No one told spring about everything being cancelled. All my flowers are popping and throwing color all over the yard. We have many flowers here on the plantation. My mom has given me several bulbs over the years, and G’s grandmother, “Granny Green” was huge on flowers. She provided us with tons of cool flowers over the years before she passed away. Bulbs are great for people like me who kind of suck at growing things. Once you stick a bulb in the ground, you’re done. You just forget about it for about 50 weeks, and then you get to enjoy it again (and remember where you planted it).
I’m feeling grateful that our quarantine happened in spring instead of winter. Seeing things burst back to life has helped make this whole staying at home thing easier to bear.
That’s probably worth explaining. I am a hermit after all, (see the blog name) and staying at home is not that tough for me. Each summer I revel in the fact that I spend most weeks rarely leaving my driveway. I barricade myself in my studios or at least in the yard. I try to be as productive as possible. But in the summer, I can still choose to interact with other people. By the time May rolls around I’ve had a lot of student interaction, and my students have probably endured about as much of me as they can stand. I may choose to have coffee with a friend, or we may have dinner with pals. Our family goes on vacation, and I watch other people from a distance. It seems the key to my summer hermitage has to do with the regular rise and fall of the social tides. I minimize social interactions during the summer to recharge for the nonstop interactions throughout the fall. I get a small break for winter, and then I’m social all spring. So again, by May, I’m ready for solitude.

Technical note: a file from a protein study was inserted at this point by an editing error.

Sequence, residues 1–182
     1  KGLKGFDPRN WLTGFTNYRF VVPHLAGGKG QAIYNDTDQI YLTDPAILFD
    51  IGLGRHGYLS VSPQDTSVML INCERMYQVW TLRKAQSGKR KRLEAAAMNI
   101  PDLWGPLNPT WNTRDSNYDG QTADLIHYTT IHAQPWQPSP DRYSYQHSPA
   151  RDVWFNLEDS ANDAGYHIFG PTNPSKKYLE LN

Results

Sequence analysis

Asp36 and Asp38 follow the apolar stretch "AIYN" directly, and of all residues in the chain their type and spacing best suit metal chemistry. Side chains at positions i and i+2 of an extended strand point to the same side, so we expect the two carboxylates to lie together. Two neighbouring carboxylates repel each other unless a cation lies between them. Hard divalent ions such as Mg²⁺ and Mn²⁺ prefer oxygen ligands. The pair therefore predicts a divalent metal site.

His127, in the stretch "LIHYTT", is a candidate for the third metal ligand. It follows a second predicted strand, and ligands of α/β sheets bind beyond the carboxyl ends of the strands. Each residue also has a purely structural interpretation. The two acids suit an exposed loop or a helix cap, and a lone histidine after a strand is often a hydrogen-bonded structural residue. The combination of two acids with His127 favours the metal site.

But this spring was interrupted before I had my fill. I don’t want to admit that I miss people. That just seems like it goes against everything I am. But here we are. Confused. Irritable. Happy. Living the spectrum of emotions daily. One minute I’m in wide eyed wonder at the beauty of my dog’s nose, and the next minute I’m wishing I was hugging graduates as they leave our academic nest. One minute I’m quietly watching the sun warm the front pasture and the next I’m fussing at my kid for not doing their schoolwork on time.
I want to get in my truck and get out, but then I feel bad about wanting to do that. I don’t want to expose anyone to anything bad. I don’t want my kids to touch a shopping cart handle and get sick, but I also don’t want to unknowingly spread any sickness to strangers. So, we look for ways to get out without having to interact with others.
As last weekend approached, we were told our governor had allowed the State Parks to reopen to visitors. I get all my news second-hand for highly opinionated reasons that would be best discussed in-person over coffee. But this news came from a trusted source who keeps me informed on the latest developments. I decided we were going to have a mandatory hiking day on Saturday, so we made lunches and loaded the dogs into the truck. We drove to one of our favorite hiking State Parks. As we neared the park entrance, I had a passing worry that maybe the park would be closed and wondered what my backup plan might be. I didn’t really have one. Sure enough, the gates were closed, and a sign was posted indicating the park would reopen in one week. Ugh.
A short time later we sat in the parking lot of a Walgreens while I did some quick research. I found that the Swamp Rabbit Trail was probably open, and we steered in that direction. This was not the nature walk I had hoped for initially, but we enjoyed it. We followed the trail for a couple of miles through the town of Travelers Rest. The kids liked walking through civilization and seeing people and their pets. The dogs were just happy to be out of the house. We made it back to the truck, then drove to a cool little ice cream shop nearby. The shop was open, and no one was inside, so we avoided human contact again. We picked up dinner to go, and soon we were back in “quarantine” at home.
The semester is ending soon. Finals are upon us, and we’re all seeking some sort of closure on a weird semester. We’re probably all hoping that our lives will return to normal, and that we’ll have a real summer. I know the people in my house are. Last summer didn’t turn out exactly how everyone planned, and I think we’re all a little nervous about this one being dented by the Corona stuff. Here’s to hoping for less Zoom meetings and more time on the beach.